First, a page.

Conserving The Market Street Railway Mural

Review

Conserving The Market Street Railway Mural

By Shahrzade Ehya October 16, 2017

In the thirteen years since San Francisco artist Mona Caron completed The Market Street Railway Mural (2003–04) on an exterior wall of the Groceteria at 300 Church Street, the 38-foot-long mural has suffered just about every form of damage possible. Pollution from the street, seismic activity, the building’s decaying substrate, and extreme shifts in temperature have all contributed to thick cracks and buckles in the mural’s surface, and the overall fading of its color. An ironic state of affairs for a beloved mural whose very subject is San Francisco’s history and a vision for its future.

Mona Caron. The Market Street Railway Mural, 2003–4; acrylic on wood and stucco; 456 x 144 in. Courtesy of the Artist.

Enter a team of professional conservators—Kiernan Graves, Samantha Emmanuel, and Helene Nuland—who have been working meticulously since September to clean the pictorial layer, inject adhesives behind the paint, and relax the mural’s damaged surfaces.1 While the conservators work, passersby stop to ask about their activity and discuss the mural. Many share that The Market Street Railway Mural is their favorite mural. When asked why, one neighbor observed, “It’s just very San Francisco, with all its specific details.”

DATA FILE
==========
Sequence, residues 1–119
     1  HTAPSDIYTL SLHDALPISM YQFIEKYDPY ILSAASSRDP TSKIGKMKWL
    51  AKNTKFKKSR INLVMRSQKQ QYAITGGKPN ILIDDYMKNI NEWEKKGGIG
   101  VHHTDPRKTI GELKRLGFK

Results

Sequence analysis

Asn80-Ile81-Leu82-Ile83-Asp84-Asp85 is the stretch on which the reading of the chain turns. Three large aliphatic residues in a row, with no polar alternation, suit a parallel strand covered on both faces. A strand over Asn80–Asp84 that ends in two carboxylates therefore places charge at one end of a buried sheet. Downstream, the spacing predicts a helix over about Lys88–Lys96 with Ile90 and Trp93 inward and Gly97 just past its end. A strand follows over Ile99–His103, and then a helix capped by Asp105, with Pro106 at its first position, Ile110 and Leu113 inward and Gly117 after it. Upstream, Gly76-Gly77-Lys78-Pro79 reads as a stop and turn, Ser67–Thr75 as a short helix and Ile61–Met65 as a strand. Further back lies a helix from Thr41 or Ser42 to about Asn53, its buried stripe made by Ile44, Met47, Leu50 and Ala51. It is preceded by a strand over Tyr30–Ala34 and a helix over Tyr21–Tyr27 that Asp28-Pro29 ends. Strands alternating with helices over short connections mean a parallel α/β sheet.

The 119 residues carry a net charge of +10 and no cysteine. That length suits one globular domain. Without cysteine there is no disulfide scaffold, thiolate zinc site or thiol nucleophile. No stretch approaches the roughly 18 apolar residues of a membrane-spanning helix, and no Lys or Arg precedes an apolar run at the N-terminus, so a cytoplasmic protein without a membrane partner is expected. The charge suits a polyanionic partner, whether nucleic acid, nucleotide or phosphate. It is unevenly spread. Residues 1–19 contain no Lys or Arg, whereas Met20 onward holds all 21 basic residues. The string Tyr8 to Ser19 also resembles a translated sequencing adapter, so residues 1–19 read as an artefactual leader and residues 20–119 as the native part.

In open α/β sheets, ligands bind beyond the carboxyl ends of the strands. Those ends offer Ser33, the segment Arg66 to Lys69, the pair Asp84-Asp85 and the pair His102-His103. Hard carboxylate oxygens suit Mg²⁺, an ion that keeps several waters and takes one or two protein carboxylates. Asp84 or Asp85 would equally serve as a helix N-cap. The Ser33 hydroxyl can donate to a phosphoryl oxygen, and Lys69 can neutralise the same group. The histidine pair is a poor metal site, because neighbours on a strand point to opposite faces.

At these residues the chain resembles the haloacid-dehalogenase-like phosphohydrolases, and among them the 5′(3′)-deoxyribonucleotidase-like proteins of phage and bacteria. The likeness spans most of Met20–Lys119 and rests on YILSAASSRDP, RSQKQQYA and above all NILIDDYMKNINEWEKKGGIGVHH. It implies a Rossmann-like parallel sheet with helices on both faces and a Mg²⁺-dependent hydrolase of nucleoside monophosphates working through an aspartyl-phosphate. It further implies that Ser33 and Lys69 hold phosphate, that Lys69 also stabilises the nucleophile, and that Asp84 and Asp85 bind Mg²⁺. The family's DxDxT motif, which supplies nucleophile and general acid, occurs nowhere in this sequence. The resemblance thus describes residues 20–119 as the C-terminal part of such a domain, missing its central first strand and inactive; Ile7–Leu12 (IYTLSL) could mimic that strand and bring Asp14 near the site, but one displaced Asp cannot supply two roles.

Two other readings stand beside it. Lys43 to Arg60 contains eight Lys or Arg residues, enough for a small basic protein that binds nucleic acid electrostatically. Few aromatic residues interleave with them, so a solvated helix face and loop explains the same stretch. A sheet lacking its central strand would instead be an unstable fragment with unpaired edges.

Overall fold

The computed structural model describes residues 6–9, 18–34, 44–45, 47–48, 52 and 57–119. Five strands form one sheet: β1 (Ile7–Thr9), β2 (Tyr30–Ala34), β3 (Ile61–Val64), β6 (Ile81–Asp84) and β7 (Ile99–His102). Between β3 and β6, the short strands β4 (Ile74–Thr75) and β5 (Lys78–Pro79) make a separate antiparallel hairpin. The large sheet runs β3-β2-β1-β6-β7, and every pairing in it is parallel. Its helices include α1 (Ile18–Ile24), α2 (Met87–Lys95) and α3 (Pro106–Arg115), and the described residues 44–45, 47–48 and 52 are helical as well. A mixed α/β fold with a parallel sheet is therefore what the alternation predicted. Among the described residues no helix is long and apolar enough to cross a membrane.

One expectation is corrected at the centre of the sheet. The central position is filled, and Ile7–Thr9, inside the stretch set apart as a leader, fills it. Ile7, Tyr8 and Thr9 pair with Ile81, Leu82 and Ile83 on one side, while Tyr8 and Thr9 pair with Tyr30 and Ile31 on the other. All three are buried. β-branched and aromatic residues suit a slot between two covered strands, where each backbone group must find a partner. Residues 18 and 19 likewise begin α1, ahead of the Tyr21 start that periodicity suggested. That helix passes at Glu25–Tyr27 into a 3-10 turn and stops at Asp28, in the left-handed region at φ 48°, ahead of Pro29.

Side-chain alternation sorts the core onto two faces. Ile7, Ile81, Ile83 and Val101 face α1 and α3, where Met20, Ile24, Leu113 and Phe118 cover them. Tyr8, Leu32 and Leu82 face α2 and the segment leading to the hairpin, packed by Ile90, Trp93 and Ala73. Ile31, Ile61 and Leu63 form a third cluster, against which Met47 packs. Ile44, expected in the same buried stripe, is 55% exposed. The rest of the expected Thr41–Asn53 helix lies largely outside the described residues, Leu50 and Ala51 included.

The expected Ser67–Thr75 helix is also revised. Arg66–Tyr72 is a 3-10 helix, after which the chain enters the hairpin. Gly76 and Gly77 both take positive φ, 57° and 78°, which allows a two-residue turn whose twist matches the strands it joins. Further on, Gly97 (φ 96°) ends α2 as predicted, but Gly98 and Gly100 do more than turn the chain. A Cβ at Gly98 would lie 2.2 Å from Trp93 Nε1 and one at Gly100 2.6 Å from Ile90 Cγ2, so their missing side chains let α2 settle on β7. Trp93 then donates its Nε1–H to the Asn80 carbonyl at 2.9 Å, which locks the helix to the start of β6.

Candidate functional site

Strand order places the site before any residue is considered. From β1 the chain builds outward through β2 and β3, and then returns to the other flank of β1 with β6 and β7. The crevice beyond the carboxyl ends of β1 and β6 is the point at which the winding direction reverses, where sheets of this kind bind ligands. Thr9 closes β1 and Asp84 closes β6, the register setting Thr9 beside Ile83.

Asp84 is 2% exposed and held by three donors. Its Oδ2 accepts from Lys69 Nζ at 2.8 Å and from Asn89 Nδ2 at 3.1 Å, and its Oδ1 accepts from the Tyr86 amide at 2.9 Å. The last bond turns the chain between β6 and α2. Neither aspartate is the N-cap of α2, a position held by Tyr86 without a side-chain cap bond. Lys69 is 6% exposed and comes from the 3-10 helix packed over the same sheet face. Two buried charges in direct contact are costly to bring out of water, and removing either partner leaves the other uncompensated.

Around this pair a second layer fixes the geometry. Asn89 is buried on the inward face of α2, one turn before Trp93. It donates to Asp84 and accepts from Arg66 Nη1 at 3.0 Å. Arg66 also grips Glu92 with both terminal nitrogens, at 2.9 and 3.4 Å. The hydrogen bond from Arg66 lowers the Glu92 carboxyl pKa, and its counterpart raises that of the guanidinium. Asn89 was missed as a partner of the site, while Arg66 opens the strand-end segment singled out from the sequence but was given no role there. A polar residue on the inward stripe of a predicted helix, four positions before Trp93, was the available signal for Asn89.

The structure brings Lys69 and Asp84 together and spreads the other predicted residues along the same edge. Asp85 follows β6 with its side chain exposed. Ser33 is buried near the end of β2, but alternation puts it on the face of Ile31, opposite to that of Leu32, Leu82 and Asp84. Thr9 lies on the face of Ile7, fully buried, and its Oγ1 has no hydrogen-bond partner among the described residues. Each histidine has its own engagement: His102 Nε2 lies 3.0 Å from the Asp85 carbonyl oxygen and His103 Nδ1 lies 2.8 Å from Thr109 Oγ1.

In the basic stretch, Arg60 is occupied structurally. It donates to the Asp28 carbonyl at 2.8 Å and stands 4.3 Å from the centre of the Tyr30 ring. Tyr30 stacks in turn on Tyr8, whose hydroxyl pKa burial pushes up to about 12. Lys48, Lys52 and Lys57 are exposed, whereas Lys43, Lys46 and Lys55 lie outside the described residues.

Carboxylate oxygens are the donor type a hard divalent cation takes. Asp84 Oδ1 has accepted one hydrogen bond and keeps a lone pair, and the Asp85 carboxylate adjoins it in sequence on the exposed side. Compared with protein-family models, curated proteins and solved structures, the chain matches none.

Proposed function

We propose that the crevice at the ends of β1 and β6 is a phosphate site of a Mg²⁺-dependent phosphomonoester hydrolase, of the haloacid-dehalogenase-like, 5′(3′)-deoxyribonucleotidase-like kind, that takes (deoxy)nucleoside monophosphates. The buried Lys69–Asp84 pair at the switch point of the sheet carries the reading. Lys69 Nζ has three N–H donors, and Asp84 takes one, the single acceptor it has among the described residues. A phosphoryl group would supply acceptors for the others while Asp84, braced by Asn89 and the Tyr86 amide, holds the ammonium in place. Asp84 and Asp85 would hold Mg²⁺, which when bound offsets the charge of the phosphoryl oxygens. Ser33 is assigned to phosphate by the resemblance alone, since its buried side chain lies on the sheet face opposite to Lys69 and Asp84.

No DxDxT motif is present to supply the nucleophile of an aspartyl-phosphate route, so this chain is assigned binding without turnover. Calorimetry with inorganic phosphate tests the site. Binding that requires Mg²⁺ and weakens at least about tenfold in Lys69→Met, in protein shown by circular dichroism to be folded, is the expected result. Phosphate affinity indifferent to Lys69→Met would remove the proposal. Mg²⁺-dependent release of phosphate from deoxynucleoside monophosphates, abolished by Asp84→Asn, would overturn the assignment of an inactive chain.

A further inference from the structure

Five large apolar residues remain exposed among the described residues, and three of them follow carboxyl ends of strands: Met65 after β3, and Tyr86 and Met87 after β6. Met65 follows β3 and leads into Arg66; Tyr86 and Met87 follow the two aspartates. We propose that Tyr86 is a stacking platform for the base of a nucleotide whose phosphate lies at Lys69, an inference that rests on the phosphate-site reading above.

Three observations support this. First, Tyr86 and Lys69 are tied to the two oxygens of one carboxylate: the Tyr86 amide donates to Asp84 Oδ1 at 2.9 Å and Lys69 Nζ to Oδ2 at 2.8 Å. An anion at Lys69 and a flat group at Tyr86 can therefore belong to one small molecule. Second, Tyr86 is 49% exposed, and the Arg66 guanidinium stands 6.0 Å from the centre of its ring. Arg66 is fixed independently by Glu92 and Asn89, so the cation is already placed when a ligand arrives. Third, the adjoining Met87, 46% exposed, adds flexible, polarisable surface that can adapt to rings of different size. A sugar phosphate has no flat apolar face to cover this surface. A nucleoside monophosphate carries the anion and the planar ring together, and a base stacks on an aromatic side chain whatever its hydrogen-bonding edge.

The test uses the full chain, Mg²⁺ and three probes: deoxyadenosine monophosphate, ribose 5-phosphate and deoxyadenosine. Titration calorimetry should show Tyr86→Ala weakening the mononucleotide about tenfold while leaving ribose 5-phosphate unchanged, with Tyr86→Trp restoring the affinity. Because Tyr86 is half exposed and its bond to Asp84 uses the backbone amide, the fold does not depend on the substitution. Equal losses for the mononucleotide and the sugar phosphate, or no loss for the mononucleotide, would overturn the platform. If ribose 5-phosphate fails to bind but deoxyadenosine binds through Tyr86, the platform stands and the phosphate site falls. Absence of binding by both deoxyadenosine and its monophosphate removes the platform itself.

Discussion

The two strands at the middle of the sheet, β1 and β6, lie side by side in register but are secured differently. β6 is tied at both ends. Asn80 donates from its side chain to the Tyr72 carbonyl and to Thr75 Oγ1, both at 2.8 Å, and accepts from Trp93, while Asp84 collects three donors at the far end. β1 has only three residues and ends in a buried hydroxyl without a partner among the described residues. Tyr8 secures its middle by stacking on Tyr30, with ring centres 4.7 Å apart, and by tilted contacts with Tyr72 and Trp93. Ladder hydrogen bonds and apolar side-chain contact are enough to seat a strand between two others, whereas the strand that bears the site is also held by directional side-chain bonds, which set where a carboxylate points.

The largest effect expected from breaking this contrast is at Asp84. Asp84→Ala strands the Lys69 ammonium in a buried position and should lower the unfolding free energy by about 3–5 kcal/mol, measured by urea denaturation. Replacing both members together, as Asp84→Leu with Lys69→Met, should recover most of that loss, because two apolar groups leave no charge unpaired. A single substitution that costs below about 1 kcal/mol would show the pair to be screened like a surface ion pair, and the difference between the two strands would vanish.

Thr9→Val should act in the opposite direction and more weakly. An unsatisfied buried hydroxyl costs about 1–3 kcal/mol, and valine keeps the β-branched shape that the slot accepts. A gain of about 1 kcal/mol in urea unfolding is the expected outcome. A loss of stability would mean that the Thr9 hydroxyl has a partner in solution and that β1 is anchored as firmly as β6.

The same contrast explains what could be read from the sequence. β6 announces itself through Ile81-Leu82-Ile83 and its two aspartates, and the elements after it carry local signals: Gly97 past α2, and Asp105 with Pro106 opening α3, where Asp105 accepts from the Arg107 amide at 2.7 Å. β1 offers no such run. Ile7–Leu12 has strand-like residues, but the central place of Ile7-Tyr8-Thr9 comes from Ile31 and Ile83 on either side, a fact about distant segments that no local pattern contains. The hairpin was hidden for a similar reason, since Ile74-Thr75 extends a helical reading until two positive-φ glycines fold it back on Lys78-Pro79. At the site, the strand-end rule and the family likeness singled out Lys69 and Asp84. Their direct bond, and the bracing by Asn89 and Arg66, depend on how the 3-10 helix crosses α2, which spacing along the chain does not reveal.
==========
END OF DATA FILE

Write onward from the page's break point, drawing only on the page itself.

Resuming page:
Indeed, Caron’s mural is rich with specific “very San Francisco” details. In eight panels, the mural depicts a bird’s-eye view of Market Street—San Francisco’s main artery—from the 1920s through to the future, and portrays it as a stage for civic engagement and expression: the protests, celebrations, and everyday interactions among citizens are rendered as the integral identity of this central street. Caron studied archival photographs to achieve her work. Referencing actual depictions of protest signs from the 1934 “Bloody Thursday” riot and the 2003 march against the war in Iraq, costumes worn by the Sisters of Perpetual Indulgence at a Pride parade in the 1980s, and tags on boarded-up storefronts after the dot-com bust of 2001, details and documents of the past abound.

Samantha Emmanuel and Kiernan Graves. Graphic recording of condition of The Market Street Railway Mural (2003–4), 2017. Courtesy of Samantha Emmanuel and Kiernan Graves. 

When it came to imagining San Francisco’s future, Caron offered a harmonious and communal picture. This future fantasy of Market Street is spacious, flecked with trees and other spots of green, and one where San Francisco’s waterways—long submerged beneath the city—have resurfaced. The sidewalks have expanded and, along with the rooftops, have become a space where people convene. Some of Caron’s imaginings have actually come to fruition. As Caron herself recently noted in a public talk, however, her mural did not envision today’s gentrified San Francisco, or that many of the people for whom the mural’s future was imagined have since been forced to move away.

Mona Caron. The Market Street Railway Mural, 2003–4 (detail of cracked surface, 2017); acrylic on exterior building wall; 456 x 144 in. Courtesy of the Artist. Photo: Shahrzade Ehya.